I was all excited to sit down and read more about this new Wood Badge 1 (WB1) program when I realized quite quickly, that the same people in Ottawa are in charge of the documentation for this WB1 program as the new BP&P updates.
The problem was that the WB1 Map was making a bunch of claims about the WB2 program that I had never heard before? Is it possible that WB2 changed while I was using it? We are clearly aware of Scouts Canada’s failure to communicate changes to the volunteers.
Nope. I downloaded the WB2 Guide again and there was zero file change since the version I first downloaded on July 18, 2017.
How do I mentor two people in different programs that conflict with one another? Why should I be in this position? How on earth did we get here?
Training and Development
Remember how much I loved the new Training and Development Program? I mean, except for the part where I have to refer to Training and Development without using the word “training” somehow. Aside from that, recall how much I loved the program we have been working on for the past two years? I don’t know who did their documentation but it was rather well thought out. Everything about it was decent… and a huge change from what we were used to.
But now they have someone else on the clock and they dropped the ball. The clear instructions for WB2 are that a volunteer needs to believe that they are at Stage 3 with every one of the 156 learning objectives. They can track progress readily on a simple spreadsheet (that will be listed in a future post for download). Maybe I will put it at the bottom of this post too. Currently it is only available on the old Western Training Committee site.
Now the WB1 program has a Scouter Development Map which shows 14 skills (from the WB2 Program Facilitation skill) that need to reach either a Stage 2 or 3 on the same grading scale that the WB2 system has been utilizing for the past couple years. Very intelligent. Love this!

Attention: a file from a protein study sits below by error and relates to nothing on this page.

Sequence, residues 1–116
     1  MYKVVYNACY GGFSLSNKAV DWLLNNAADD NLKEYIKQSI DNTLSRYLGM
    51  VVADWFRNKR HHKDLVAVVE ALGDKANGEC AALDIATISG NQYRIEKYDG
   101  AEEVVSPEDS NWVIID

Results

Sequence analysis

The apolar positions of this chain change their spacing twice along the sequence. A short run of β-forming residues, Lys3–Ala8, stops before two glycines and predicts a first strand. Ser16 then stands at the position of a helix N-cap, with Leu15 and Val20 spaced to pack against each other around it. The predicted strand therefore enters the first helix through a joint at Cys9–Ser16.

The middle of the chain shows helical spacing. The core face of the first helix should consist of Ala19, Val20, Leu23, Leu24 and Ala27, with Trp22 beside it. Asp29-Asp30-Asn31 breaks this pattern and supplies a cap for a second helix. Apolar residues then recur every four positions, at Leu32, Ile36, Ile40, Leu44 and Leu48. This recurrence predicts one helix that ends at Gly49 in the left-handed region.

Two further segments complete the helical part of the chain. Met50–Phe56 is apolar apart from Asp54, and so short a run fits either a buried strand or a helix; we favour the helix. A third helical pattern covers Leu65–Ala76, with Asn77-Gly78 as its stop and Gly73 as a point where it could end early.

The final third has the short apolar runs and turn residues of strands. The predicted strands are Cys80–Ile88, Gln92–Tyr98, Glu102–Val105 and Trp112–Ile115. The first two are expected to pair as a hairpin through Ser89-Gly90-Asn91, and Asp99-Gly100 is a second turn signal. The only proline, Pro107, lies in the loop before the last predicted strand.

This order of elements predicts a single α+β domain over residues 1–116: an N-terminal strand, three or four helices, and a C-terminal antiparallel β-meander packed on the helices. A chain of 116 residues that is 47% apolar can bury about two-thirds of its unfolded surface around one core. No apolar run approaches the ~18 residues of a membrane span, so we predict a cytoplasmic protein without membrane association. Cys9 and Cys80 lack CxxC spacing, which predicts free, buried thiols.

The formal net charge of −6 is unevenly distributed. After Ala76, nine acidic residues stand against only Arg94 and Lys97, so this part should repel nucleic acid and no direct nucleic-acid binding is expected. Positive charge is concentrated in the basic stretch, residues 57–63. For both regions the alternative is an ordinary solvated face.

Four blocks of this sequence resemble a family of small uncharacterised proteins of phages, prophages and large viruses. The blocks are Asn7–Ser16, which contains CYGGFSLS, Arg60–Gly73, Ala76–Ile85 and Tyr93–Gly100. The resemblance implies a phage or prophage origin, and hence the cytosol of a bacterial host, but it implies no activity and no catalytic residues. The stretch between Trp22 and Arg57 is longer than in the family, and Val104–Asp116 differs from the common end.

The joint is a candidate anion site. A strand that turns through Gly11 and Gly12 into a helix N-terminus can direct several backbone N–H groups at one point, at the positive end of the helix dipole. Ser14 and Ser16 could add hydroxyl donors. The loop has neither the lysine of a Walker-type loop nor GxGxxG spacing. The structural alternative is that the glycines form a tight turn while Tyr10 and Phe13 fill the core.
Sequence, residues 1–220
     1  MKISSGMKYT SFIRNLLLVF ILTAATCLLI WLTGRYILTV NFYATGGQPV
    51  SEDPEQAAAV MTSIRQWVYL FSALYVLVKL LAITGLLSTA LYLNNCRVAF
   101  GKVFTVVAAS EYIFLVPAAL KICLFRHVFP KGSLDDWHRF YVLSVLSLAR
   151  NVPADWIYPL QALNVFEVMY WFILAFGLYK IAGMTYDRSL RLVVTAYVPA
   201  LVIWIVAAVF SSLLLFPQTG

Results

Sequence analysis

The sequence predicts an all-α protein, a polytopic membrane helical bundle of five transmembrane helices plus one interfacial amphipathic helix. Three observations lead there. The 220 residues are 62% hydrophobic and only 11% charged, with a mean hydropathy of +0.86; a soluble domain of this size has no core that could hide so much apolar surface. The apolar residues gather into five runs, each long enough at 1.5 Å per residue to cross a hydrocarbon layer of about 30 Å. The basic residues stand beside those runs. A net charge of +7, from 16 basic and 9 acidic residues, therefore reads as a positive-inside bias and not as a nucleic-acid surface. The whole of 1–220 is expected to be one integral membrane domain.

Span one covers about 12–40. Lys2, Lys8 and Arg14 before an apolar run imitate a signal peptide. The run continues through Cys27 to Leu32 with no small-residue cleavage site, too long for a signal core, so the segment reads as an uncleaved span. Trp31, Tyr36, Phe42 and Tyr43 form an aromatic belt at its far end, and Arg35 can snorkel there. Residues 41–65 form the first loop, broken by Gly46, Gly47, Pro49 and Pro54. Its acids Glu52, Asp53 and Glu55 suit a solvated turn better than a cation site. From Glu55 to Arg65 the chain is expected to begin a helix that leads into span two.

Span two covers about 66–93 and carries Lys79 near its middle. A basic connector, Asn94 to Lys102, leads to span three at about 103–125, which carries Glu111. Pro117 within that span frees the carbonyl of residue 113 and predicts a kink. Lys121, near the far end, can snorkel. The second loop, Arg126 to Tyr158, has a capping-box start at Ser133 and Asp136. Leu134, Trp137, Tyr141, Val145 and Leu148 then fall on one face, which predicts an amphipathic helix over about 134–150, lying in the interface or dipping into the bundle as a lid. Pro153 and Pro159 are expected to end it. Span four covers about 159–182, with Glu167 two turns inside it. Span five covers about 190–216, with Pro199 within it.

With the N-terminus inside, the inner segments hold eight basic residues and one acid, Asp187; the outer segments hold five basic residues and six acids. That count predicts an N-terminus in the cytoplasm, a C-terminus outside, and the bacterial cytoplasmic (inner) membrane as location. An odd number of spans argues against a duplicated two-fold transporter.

It actually shows 24 Skills in total, but only 14 are needed for WB1. So why does it show 24? I have no idea. Not only are six of the WB2 requirements NOT included in this Scouter Development Map, but there are four new ones that have WB2 requirements that are NOT in the WB2 Guide. What sense does this make?
In their defense, all four of the new “Skills” are covered in several other WB2 skills in the 58-page WB2 Guide. They just aren’t separated out in the WB2 Guide so I don’t know how they can say that they are requirements per se.
They missed the obvious opportunity (again) to track everything online but that would have cost them $10,000 to roll out… and who has that time and money to piss away? I mean now that they are spending hundreds of thousands of dollars a year flying every GC to Ottawa for
training, I mean development, there can’t be much money left.
Confusion Leads to Disillusion
I am not disillusioned with Scouts Canada but I am very used to them. New scouters going through this new WB1 program might be very disturbed when they see what is required for WB2 in their future. That is, if they can even figure out what actually IS required.
Going through both WB1 and WB2 documents at the same time is even more confusing because they moved everything all around and numbered nothing in either program. At least the WB2 documents have Skills as headings and then a Scouter Development Card for each set of Learning Objectives.
Remember the simple setup I described above:
- 156 Learning Objectives from